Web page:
Chickenpox is a viral infection in which a person develops extremely itchy blisters all over the body. It used to be one of the classic childhood diseases. However, it has become much less common since the introduction of the chickenpox vaccine.
Causes and risk factors
Chickenpox is caused by the varicella-zoster virus, a member of the herpesvirus family. The same virus also causes herpes zoster (shingles) in adults.
Chickenpox can be spread very easily to others. You may get chickenpox from touching the fluids from a chickenpox blister, or if someone with the disease coughs or sneezes near you. Even those with mild illness may be contagious.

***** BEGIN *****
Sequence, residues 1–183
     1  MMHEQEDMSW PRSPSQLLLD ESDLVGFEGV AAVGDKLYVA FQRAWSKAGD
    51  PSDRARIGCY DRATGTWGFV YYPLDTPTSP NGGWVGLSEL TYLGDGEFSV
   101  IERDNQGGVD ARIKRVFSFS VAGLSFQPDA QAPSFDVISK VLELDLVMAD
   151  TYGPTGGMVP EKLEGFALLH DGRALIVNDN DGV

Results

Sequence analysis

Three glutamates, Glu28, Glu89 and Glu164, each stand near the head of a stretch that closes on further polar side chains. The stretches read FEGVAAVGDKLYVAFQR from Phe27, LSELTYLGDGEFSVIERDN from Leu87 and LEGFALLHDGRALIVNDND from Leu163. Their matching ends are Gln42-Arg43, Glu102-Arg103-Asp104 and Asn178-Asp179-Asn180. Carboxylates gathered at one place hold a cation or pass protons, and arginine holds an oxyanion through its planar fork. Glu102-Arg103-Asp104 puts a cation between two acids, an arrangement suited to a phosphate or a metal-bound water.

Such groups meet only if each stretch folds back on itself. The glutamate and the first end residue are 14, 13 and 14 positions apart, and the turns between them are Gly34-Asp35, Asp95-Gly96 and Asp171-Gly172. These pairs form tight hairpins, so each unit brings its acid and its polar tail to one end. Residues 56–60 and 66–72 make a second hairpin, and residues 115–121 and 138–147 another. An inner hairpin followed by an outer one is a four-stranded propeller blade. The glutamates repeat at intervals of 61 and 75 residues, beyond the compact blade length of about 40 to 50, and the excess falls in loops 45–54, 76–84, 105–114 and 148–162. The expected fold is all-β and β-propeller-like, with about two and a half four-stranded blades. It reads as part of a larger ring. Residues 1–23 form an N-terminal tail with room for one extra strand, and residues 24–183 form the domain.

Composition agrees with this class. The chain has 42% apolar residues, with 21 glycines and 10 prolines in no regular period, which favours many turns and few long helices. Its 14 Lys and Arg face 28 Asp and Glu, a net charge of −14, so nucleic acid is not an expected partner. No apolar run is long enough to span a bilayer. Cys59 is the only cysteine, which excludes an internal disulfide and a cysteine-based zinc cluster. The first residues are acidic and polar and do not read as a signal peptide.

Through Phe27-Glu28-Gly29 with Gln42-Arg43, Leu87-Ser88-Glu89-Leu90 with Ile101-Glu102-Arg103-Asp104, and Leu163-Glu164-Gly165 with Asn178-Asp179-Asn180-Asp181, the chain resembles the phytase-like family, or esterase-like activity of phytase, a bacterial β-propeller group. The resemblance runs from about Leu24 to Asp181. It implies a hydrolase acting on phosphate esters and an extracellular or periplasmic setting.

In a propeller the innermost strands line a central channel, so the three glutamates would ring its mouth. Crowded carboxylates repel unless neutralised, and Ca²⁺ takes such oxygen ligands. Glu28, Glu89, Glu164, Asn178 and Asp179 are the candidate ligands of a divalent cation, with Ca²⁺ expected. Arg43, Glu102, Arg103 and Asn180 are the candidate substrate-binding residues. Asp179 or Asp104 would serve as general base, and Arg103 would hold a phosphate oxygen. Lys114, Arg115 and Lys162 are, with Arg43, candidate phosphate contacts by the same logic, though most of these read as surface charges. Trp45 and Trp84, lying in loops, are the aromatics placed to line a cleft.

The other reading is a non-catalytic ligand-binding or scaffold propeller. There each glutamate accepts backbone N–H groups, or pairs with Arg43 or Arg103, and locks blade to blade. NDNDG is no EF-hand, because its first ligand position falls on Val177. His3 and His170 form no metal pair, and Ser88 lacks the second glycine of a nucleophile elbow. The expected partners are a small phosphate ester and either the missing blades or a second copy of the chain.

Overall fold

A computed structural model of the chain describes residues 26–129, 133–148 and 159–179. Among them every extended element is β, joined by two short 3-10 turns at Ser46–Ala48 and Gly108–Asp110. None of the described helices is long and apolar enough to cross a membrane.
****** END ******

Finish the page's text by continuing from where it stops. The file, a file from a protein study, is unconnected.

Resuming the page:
A person with chickenpox becomes contagious 1 to 2 days before their blisters appear. They remain contagious until all the blisters have crusted over.
Most cases of chickenpox occur in children younger than 10. The disease is usually mild, although serious complications sometimes occur. Adults and older children usually get sicker than younger children.
Children whose mothers have had chickenpox or have received the chickenpox vaccine are not very likely to catch it before they are 1 year old. If they do catch chickenpox, they often have mild cases. This is because antibodies from their mothers' blood help protect them. Children under 1 year old whose mothers have not had chickenpox or the vaccine can get severe chickenpox.
Severe chickenpox symptoms are more common in children whose immune system does not work well because of an illness or medicines such as chemotherapy and steroids.